How to Evaluate Large Events

At our church, we have just completed two large events with a couple more staring us down. One of the things I try to do after each event is to evaluate the events effectiveness and my and my team’s competence. I realize that for each church this may look different, but I also realize that we sometimes need a starting point to get us going.

I break those questions down into three categories. People. Church. Me.


Did the right people come?
Who was missing that should have been at this event?
Who came that I didn’t expect to come?
Where were their opportunities for God to move in the lives of our kids?
Did we create memories that will last a lifetime?


Did this event help build the church?
Did this event point people beyond their own need?
Did we preach Christ Crucified?
Did we as a ministry represent the values and vision of the church? Or did we do our own thing?
Was the Church fully aware of what took place?


Did I do what only I could have done at this event?
What did I do that someone else can do next time?
Did my team learn something from this event?
Did I grow in my dependence on Christ through this event?

It’s very easy to measure the effectiveness of what we do by how many people came or how much money we earned both are valid and helpful but not ultimate. We are a church, not a Chic-fil-a our aim is to primarily pastor and love people not to be a CEO’s. We are more interested in helping those God has brought into our care to maintain a long obedience in the same direction. Large events to the extent they build the church and deepen our dependence on God are helpful. To the extent, they are a spectacle they are unhelpful. Let us by God’s grace create events that drive us deeper into God’s heart for our good and His glory.

Summer Camp: What works and doesn't work

This time next week I am going to be at our 14th kids camp. Sometimes I find it hard to believe that it’s been that many. I thought what might be helpful and cathartic would be to discuss what has worked and not worked for us over the years. Hopefully it may help some of you out there.

What doesn’t work:

Allowing pranks – The first year I was sort of non-committal on the issue of camp pranks. Pranks are a part of camp, right? Well the first year, a mom convinced one of her boys to play a prank on his fellow boy campers. This did not sit well with the boys and men counselors. I ended up stopping a potential kidmin Apocalypse, where counselors were angry with counselors, and kids were scared. I now have a VERY strict “pull a prank and go home” policy. What I found was that for most kids coming to kids camp, it’s their first experience being away from home. I don’t want kids to have to fear a prank and have a bad experience that may even keep them from going to our youth camp.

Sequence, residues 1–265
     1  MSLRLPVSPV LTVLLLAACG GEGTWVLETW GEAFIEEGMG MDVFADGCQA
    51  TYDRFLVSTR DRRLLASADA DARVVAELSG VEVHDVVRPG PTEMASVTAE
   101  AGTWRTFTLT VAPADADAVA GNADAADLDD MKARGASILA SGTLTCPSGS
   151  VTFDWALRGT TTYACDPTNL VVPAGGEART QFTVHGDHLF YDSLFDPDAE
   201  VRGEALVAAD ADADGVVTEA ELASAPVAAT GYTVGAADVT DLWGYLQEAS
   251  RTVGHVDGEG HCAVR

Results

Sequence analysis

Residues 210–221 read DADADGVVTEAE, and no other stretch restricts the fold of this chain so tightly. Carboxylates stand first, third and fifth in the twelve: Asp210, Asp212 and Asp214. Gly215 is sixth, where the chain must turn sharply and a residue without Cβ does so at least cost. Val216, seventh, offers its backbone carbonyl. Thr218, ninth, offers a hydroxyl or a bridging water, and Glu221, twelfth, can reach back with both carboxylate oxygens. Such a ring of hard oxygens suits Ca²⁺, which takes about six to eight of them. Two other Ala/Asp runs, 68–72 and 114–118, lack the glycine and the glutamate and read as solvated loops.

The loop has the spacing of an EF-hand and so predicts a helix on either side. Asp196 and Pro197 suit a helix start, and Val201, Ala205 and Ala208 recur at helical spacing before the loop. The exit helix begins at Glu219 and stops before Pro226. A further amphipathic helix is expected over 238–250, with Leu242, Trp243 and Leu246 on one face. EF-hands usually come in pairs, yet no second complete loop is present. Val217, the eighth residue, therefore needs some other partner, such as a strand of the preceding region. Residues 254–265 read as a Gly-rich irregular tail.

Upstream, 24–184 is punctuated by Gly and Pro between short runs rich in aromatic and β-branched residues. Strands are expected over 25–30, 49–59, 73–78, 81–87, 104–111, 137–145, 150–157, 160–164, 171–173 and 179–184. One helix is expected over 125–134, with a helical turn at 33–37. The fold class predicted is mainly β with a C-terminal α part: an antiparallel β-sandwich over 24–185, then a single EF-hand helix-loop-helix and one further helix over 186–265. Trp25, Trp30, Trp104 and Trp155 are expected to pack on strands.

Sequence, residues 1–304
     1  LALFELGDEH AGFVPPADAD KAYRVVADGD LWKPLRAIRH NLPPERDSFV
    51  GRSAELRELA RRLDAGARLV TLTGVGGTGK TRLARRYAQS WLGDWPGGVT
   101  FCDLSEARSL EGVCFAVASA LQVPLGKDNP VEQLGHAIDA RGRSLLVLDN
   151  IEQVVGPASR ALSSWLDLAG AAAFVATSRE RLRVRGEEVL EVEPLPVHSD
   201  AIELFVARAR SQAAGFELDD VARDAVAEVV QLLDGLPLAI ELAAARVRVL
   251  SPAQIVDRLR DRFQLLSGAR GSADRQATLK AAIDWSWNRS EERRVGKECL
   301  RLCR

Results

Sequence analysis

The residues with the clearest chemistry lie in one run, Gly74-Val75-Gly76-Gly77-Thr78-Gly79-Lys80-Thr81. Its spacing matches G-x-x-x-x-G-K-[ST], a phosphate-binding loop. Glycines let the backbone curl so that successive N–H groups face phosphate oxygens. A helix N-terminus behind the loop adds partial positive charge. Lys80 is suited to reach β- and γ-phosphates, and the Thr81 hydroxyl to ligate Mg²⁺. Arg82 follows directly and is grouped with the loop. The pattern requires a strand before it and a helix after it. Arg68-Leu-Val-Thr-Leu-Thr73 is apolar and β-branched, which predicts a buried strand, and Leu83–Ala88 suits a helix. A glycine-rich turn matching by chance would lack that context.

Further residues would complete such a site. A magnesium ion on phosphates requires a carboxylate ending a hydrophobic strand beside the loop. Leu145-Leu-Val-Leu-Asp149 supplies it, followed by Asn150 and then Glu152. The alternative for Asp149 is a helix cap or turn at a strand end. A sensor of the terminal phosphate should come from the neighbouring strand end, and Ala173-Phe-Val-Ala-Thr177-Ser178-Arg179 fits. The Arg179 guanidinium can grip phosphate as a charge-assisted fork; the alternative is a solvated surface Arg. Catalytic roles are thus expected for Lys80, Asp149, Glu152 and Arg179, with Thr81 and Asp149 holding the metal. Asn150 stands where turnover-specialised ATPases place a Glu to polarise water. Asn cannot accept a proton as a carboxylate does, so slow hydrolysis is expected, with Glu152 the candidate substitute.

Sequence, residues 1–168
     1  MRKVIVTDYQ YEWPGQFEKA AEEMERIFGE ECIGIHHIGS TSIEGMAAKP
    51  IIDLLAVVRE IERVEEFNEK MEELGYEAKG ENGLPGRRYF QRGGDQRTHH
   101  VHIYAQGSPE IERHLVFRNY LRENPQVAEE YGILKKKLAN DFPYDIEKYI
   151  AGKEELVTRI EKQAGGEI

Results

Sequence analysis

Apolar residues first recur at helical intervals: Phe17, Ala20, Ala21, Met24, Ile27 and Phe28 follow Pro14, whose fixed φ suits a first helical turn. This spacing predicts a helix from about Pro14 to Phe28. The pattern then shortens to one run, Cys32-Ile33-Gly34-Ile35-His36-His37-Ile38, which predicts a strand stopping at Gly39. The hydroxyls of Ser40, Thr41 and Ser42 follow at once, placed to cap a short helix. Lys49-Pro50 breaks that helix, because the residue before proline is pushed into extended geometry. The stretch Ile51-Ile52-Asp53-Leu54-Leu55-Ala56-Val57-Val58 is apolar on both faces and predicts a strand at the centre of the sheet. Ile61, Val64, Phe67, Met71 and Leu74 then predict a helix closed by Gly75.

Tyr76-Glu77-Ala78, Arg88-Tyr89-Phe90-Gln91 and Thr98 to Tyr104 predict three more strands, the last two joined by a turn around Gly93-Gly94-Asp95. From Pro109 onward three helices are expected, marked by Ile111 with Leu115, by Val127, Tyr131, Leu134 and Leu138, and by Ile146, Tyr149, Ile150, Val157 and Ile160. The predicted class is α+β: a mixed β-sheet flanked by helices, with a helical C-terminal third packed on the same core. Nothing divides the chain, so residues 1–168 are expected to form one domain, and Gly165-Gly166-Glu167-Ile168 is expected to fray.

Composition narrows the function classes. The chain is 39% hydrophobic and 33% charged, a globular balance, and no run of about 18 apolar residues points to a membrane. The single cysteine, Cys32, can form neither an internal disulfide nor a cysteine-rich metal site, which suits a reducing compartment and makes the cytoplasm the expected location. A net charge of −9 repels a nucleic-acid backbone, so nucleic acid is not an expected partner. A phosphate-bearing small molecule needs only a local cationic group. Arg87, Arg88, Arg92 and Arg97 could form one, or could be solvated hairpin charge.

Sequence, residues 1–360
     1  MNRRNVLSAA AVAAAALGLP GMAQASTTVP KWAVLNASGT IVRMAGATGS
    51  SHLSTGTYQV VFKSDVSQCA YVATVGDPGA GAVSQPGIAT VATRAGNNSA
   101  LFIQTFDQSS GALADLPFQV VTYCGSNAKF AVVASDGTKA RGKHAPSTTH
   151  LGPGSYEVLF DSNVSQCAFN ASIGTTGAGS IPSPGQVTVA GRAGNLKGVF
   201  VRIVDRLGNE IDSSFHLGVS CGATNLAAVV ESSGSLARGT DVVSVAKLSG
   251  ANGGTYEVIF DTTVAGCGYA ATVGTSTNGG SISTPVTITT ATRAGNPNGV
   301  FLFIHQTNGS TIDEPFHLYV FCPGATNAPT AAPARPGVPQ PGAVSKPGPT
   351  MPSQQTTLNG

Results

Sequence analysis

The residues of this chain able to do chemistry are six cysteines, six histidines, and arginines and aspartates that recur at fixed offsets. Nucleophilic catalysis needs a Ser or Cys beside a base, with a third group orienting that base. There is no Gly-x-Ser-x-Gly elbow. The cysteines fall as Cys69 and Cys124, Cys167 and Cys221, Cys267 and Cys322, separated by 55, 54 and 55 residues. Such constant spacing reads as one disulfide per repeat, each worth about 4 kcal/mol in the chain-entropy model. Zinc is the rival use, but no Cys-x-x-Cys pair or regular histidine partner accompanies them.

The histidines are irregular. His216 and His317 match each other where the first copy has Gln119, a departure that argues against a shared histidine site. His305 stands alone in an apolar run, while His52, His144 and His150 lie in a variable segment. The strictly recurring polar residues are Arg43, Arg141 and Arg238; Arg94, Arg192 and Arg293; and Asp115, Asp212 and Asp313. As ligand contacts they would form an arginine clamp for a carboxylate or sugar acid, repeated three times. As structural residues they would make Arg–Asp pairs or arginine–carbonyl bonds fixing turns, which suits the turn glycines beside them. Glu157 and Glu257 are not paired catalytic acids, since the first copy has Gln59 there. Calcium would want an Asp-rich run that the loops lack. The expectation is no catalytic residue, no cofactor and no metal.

Using youth group games – The first year we did camp we did all youth group games and I didn’t modify the rules AND I allowed the counselors to play. Both were big mistakes. I still to this day remember seeing counselors swinging socks filled with flour and hitting kids; the flour started out soft, but the more the socks were swung around the more cement like those socks became. Needless to say we now modify the rules to youth group games AND counselors don’t play games with kids.

Allowing kids to sing on the bus – Ok. Maybe this is just a personal thing for me.  I can’t take 40 kids singing “The song that never ends” for 2 hours straight. I have a strict “no songs on the bus” policy.

These are just a few things that I have learned the hard way. Tomorrow, I’ll talk about what does work, then on Wednesday I want to give you a few of the resources we use to pull off camp every year.

What about you what hasn’t worked for you at camp?